1630 Zulu (2030 Local Time)
The second meeting of significance for opponents of the general secretary was also held in Vladimir Dolgikh’s dacha. This one was smaller than the first one with only Dolgikh and a silent ally present. This second man was a Politburo member too, as well as being one of the few officials in Moscow to hold the complete confidence and trust of the general secretary. His presence here was not a treasonous act, in either his own eyes or Dolgikh’s. Or in Romanov’s view either, for that matter. In fact, the general secretary was fully aware of his comrade’s visit here this afternoon. He’d ordered it himself. The purpose was to inform Dolgikh of some events and news, unfiltered, to keep the political situation stable and and prevent a misunderstanding from cropping up at the worst possible time. What Romanov was unaware of was that his comrade intended to provide more information than expected. And with hope gather just as much in exchange.
“We have initiated a limited use of chemical agents in Europe,” he confirmed. “NATO has not responded yet but will eventually.”
“The maniac,” Dolgikh grimaced. “Why? What is the purpose behind this madness?”
“To send a message to NATO and the Americans especially that a violation of the border will bring about swift and terrible consequences. A sensible move and it will not be seen by NATO as escalation since nuclear weapons have already been used.”
Dolgikh considered this. To his surprise he found himself agreeing with the logic. “NATO will use chemical weapons in response,” he warned.
The other man nodded his head. “Romanov will accept a similar response in exchange but no more.”
“Very well. Now, please tell me more about the general secretary’s decisive plan to win the war.”
After a brief pause of hesitation and another spent formulating a reply Dolgikh’s silent ally spoke carefully. “If executed properly it has the potential to be decisive. Perhaps not enough to win the war, but it will give us leverage to negotiate a favorable conclusion to hostilities.”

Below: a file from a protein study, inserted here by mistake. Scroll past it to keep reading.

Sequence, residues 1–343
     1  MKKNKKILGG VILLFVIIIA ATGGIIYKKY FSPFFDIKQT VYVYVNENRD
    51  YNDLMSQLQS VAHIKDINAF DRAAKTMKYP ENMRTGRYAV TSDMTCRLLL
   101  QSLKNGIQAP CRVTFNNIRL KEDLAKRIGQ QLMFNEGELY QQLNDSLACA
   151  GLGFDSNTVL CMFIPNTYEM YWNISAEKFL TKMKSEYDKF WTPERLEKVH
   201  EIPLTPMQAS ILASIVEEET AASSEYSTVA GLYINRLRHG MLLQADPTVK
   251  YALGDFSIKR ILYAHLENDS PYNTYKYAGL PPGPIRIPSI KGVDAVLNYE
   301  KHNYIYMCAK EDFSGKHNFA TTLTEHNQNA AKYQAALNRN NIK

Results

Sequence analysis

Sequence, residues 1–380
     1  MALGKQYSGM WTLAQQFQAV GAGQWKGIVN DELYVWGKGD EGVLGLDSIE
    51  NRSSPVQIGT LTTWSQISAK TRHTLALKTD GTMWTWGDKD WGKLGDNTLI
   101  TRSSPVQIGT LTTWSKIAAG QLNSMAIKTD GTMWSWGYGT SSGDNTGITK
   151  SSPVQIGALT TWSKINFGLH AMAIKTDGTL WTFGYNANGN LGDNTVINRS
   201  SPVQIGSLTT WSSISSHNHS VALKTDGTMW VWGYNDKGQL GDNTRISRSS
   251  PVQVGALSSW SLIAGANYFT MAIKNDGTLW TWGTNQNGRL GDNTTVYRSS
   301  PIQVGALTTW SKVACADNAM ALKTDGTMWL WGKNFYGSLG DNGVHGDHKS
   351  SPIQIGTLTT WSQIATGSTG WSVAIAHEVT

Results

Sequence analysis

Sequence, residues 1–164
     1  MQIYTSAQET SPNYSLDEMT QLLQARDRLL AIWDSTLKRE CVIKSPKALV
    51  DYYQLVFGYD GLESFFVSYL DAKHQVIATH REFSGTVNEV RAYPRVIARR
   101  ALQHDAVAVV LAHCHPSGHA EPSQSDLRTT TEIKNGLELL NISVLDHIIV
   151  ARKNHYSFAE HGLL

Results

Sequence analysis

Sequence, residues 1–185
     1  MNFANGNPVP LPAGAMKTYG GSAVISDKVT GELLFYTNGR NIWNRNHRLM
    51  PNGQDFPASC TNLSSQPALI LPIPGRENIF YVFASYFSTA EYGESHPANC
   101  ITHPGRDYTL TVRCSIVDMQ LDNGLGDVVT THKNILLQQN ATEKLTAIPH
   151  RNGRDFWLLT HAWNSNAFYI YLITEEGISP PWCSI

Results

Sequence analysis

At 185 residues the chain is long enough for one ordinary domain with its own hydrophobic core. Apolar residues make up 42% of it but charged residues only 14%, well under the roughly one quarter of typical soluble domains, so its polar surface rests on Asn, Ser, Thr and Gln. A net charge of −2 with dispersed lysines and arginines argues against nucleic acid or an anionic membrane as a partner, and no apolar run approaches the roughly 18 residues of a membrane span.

“Does it include the use of more nuclear weapons?”
“Absolutely not. You have my assurance. The military and other elements of the government will not support a first-use of nuclear weapons.”
“But we already used them first,” Dolgikh pointed out.
“A very limited exchange,” his comrade pointed out. “And a mistake.”
“Thousands of our citizens vaporized and Gorkii turned to ash,” Dolgikh spat. “Calling it a mistake is an understatement. Let’s move on.”
“Another matter of supreme importance is our missile-submarine bastion. The Americans have not moved against it yet. Romanov wanted to launch an all-out attack on the carrier fleet today. We managed to talk him down and allow Northern Fleet more time to prepare. The sinking of a British aircraft carrier earlier today has satisfied the general secretary for the time being.”
“Then we will strike the American fleet?”
“Da, but not until we are fully prepared. Our navy and long-range aviation bombers have performed poorly in this conflict. It is not commonly known, but that is the truth, sadly.”
Dolgikh grunted in frustration. Billions of rubles spent on weapons and training over the years. All for nothing. This was not the time to expand on that topic, though.
“How are your own preparations coming, Vladimir Ivanovich? Like it or not, I may look to you to bring an end to this madness.”
“Slower than hoped,” Dolgikh admitted bitterly before recovering and composing himself. “But if the moment comes, I promise you we will be ready, Viktor Mikhailovich.”
Ally asks about Dolgikh’s own preparations. Dolgikh admits they’re moving slower than hoped but progress is being made.
Author’s Note: Happy Monday, folks. I kept this entry shorter than originally planned. I want to change the format of D+23 for the coming hours since there will be little of substance going on in this time frame. Put simply, I want to avoid bogging things down. I’ll post an entry tomorrow explaining what will be coming up between Wednesday and the weekend. –Mike